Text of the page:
Lewis Hamilton supports the stewards’ decision to postpone qualifying until Sunday morning following the adverse weather conditions in Melbourne.
Rain began to fall during final practice at Albert Park, and the wet weather persisted until qualifying. Q1 was delayed by half an hour until the stewards gave it the go-ahead, and the conditions proved difficult for the drivers.
Hamilton struggled for grip on his out lap, and a few minutes later he spun at turn one forcing him to reverse his car back on to the track. Although he did manage to get into Q2, the 2008 world champion found the conditions difficult.
“It was definitely the right decision,” he told Sky Sports News. “It was dangerous out there.
The decision was taken by the stewards to run Q2 and Q3 on Sunday morning.
In a separate interview, Hamilton said “it’s incredibly tricky, probably one of the slipperiest circuits that I’ve raced on in the rain, simply because there’s a lot of white lines everywhere that are painted black. So as soon as you hit those the car slides and aquaplanes and oversteers so that’s why you saw so many people going off.”
He also suggested that Mercedes was struggling for pace despite Nico Rosberg finishing quickest in the wet first qualifying session.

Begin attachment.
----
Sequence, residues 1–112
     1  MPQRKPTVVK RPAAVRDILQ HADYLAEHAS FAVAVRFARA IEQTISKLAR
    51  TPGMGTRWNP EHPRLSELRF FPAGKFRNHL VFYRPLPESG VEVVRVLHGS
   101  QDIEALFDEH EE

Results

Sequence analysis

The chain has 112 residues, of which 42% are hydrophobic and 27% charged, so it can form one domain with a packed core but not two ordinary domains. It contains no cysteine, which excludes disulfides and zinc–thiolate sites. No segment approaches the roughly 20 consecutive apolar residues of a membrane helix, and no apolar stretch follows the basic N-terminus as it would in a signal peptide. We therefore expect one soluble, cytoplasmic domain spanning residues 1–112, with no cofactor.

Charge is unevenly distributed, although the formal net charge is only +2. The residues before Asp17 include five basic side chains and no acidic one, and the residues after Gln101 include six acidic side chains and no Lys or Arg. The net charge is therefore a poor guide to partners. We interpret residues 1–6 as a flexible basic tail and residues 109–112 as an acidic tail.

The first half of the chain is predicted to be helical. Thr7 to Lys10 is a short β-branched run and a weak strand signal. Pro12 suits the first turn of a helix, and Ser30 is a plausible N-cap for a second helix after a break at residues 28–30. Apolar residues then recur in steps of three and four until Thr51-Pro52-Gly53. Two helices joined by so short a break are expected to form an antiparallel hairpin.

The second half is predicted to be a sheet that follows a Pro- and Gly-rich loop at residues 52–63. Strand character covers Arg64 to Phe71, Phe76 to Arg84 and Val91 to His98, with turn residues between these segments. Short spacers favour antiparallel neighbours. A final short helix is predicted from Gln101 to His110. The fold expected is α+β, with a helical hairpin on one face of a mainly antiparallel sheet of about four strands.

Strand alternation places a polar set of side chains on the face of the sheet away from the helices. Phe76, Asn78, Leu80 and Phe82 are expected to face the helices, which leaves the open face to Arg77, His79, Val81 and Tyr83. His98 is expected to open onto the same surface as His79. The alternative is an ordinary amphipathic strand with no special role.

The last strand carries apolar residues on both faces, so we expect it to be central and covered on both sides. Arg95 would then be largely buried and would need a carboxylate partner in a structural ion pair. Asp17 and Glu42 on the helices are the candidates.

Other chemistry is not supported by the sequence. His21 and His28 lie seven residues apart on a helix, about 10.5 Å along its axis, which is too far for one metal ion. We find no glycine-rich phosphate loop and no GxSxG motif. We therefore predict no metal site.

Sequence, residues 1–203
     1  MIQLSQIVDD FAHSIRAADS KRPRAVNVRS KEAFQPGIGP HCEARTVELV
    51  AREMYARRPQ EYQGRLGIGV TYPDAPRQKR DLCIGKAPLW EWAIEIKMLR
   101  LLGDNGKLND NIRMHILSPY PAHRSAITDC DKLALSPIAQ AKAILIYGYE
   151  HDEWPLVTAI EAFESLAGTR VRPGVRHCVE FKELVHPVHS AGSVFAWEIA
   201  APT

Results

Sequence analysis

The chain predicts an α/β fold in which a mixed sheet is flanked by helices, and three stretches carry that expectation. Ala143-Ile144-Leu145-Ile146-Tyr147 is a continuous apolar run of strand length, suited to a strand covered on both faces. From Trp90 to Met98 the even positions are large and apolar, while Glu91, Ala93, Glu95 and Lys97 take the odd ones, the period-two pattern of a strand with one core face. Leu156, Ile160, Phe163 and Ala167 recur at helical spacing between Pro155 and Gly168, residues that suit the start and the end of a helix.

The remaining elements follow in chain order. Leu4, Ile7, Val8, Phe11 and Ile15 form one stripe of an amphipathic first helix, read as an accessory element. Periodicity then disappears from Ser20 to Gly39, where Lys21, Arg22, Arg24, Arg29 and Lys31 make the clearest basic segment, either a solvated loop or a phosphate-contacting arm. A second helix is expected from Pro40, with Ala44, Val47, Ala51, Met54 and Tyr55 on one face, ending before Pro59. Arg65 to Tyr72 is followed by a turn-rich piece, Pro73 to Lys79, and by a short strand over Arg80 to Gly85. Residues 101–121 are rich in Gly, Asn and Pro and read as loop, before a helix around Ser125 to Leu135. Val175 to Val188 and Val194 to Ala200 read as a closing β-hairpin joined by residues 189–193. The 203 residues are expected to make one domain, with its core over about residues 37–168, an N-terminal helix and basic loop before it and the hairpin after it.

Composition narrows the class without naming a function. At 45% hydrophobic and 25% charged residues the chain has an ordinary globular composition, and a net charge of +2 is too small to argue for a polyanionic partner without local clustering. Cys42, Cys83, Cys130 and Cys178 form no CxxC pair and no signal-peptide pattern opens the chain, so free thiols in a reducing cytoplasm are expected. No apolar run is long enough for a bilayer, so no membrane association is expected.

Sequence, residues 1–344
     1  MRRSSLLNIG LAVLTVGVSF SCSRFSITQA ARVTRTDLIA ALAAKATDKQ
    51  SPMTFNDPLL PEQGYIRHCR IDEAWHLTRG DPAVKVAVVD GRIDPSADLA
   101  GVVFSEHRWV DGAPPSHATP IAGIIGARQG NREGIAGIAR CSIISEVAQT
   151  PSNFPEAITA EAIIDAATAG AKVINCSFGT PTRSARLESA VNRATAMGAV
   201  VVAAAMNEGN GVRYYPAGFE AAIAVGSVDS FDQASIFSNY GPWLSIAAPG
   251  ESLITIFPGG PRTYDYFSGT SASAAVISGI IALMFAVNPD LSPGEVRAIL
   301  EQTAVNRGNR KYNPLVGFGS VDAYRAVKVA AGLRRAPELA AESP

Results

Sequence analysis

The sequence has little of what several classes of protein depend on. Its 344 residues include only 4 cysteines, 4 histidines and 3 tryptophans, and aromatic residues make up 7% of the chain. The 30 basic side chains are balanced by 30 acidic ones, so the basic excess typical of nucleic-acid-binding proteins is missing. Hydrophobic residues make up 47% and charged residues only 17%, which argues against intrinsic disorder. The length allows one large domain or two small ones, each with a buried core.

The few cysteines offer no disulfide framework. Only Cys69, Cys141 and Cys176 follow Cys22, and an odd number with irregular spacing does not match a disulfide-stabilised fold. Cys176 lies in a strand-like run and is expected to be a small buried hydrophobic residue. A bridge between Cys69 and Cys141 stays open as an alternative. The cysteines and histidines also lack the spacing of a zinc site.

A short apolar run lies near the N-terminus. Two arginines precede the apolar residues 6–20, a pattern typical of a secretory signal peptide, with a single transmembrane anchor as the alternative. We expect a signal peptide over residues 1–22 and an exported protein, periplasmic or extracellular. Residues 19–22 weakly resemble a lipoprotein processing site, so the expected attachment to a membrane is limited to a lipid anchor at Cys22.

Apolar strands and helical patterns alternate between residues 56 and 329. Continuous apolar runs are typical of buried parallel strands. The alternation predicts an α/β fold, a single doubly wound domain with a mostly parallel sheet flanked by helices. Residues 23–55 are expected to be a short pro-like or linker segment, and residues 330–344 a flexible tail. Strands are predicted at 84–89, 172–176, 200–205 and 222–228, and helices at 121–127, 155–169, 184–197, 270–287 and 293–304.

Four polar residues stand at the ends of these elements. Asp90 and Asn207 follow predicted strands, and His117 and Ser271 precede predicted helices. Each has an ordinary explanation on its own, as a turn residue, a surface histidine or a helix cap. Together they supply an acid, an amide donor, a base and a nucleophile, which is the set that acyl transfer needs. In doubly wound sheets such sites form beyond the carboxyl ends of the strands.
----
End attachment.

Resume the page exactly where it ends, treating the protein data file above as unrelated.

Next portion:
“It’s not been a great weekend for us so far, but hopefully we can turn it around tomorrow.”
Lewis Hamilton believes that this weekend’s Abu Dhabi Grand Prix will be remembered as the last race with good-looking Formula 1 cars ahead of the introduction of the ‘Halo’ cockpit protection for next year.
Officials from the FIA and F1 Strategy Group confirmed earlier this year that the Halo would be fitted to all cars from the 2018 season in a bid to improve safety standards, with the deaths of Justin Wilson and Jules Bianchi putting head protection high on the agenda for the series’ chiefs.
Hamilton has long made his opposition to the Halo clear, believing it will ruin the look of F1 cars, and echoed his thoughts ahead of the final Halo-less race in Abu Dhabi this weekend.
“It’s the last year of looking good I think in the cars. It’s the last race where the cars will look good,” Hamilton said.
“I think next year, it’s all downhill from there in terms of how they look.
“But safety will go up at least, and maybe it could be successful in some way.”
Hamilton’s F1 title rival Sebastian Vettel was less bothered about the change, believing the field will adjust and move on.
“The cars will look different next year. Everything I’ve seen so far looks different, but on the other hand it is something we all get used to,” Vettel said.
“But no doubt the cars look better now, but we’ll get used to it, and we’ll work on the aesthetics so it can be better. It is less of a big deal.”
Red Bull’s Daniel Ricciardo shared Vettel’s view, saying: “I don’t think it’s gonna be as dramatic as most people make it out to be.”